While Arts and Humanities at Leeds were once highly rated as a subject area, the particular courses offered by the Institute of Communications Studies were never necessarily of the indicated excellent quality and the present KIS satisfaction scores for the Institute’s four undergraduate degree programmes4 do not appear to support a student experience that could reasonably be described as world-class.5
The proportions of students expressing overall satisfaction with the quality of the Institute’s four undergraduate degree courses are 74%, 61%, 85% and 79% for an average, allowing for the number of students on each course who completed the National Student Survey (NSS), the basis of the KIS figures, of 75%. By way of contrast, the HEFCE (Higher Education Funding Council for England) reports that 85% of students who took the National Student Survey of 2012 said they were satisfied overall with their course.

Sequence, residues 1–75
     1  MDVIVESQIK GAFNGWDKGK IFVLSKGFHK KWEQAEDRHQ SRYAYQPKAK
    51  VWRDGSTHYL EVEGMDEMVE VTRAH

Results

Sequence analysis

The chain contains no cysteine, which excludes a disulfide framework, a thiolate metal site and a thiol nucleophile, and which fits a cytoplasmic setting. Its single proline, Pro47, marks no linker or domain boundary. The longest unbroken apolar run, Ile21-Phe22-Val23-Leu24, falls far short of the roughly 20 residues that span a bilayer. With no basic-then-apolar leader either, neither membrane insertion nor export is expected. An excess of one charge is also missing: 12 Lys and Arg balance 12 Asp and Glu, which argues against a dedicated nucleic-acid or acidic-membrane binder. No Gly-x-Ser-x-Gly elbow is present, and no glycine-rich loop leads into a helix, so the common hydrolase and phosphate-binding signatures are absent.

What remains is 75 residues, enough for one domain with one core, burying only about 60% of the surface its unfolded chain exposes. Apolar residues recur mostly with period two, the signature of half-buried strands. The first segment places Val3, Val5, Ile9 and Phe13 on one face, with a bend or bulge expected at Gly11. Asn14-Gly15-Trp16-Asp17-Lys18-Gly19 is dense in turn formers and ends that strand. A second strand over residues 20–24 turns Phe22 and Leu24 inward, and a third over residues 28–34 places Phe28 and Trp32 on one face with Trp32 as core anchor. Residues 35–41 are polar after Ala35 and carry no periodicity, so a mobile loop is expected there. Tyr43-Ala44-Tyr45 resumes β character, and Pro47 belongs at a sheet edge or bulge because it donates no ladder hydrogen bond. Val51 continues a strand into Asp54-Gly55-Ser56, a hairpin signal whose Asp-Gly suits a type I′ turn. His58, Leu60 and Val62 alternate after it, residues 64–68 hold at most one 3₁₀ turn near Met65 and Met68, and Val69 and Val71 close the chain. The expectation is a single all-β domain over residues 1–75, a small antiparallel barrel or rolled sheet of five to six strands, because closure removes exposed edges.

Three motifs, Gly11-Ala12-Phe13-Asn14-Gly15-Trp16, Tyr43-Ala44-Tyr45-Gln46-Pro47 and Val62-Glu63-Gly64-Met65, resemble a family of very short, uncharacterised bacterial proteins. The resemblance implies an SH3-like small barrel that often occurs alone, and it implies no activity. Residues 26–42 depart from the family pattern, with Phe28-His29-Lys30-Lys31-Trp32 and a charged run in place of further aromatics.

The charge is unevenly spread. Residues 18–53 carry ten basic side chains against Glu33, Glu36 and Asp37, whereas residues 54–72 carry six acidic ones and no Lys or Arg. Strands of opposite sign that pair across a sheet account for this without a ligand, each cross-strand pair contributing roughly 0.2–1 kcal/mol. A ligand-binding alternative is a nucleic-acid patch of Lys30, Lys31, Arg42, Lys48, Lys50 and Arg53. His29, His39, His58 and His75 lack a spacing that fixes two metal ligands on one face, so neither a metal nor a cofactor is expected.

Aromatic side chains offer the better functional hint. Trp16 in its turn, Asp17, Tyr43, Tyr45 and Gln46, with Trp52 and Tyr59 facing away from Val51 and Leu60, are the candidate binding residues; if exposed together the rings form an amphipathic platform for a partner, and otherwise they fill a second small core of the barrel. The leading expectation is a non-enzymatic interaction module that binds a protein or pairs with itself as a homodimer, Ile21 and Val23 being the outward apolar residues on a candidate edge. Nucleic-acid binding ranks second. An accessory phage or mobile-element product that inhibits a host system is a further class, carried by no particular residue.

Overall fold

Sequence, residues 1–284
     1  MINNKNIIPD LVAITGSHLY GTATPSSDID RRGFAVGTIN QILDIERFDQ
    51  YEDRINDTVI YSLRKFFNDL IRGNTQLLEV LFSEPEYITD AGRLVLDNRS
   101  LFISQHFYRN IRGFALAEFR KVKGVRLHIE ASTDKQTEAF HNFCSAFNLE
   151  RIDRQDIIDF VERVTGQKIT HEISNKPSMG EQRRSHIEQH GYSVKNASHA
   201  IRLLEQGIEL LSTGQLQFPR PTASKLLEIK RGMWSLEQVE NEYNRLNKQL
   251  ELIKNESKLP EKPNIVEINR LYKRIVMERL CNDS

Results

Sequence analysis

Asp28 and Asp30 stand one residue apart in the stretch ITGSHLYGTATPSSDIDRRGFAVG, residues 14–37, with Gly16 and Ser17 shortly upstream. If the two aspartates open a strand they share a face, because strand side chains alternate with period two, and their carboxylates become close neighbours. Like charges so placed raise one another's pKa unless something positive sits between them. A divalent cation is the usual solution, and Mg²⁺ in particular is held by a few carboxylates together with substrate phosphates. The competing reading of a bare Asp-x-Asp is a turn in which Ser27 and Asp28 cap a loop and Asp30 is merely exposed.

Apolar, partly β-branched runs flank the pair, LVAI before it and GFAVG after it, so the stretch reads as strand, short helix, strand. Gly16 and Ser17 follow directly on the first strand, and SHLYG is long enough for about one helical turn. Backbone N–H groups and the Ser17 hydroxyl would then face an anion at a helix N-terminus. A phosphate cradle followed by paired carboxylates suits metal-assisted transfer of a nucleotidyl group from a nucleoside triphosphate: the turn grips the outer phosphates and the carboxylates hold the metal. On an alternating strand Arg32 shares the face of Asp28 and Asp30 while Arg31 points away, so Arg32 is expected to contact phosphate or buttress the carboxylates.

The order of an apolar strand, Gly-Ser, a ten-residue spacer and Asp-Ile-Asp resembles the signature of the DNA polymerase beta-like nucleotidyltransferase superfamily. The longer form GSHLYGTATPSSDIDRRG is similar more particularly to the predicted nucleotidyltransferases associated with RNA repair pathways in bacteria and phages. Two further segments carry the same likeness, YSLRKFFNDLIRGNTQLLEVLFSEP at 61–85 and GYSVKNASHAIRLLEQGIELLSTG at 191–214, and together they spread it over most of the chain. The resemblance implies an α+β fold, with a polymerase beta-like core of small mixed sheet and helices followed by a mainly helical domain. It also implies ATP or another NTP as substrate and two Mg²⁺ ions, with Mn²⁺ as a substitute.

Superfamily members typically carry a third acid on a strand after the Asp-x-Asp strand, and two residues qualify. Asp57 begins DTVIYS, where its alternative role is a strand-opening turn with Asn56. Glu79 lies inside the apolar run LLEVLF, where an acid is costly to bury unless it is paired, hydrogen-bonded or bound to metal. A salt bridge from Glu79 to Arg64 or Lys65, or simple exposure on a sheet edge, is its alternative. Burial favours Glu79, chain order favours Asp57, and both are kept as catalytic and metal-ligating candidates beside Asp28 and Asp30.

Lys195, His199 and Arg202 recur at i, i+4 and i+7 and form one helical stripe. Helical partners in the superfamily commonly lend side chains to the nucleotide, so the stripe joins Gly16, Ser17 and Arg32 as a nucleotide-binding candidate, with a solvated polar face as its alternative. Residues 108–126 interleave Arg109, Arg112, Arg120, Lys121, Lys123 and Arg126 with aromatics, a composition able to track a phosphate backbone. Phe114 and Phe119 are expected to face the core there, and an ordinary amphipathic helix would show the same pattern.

The University has not supplied realistic information. Its presentation of the Institute of Communications Studies undergraduate degree programmes as being of top quality in ways that matter to a potential undergraduate student is undermined by the assessed student experience.
Student experience and possible systemic problems
The table below compares Institute of Communications Studies undergraduate degree courses over matters that are a particular cause for concern. The numbers of students giving feedback and the satisfaction with the Students’ Union figures provide context.
|Institute of Communications Studies undergraduate degrees compared||Broadcast Journalism||Cinema and Photography||Communications and Media||New Media||Weighted Mean|
|Number of students giving feedback||30||30||35||30||31|
|Overall, I am satisfied with the quality of the course||74%||61%||85%||79%||75%|
|The course is well organised and is running smoothly||58%||61%||82%||71%||69%|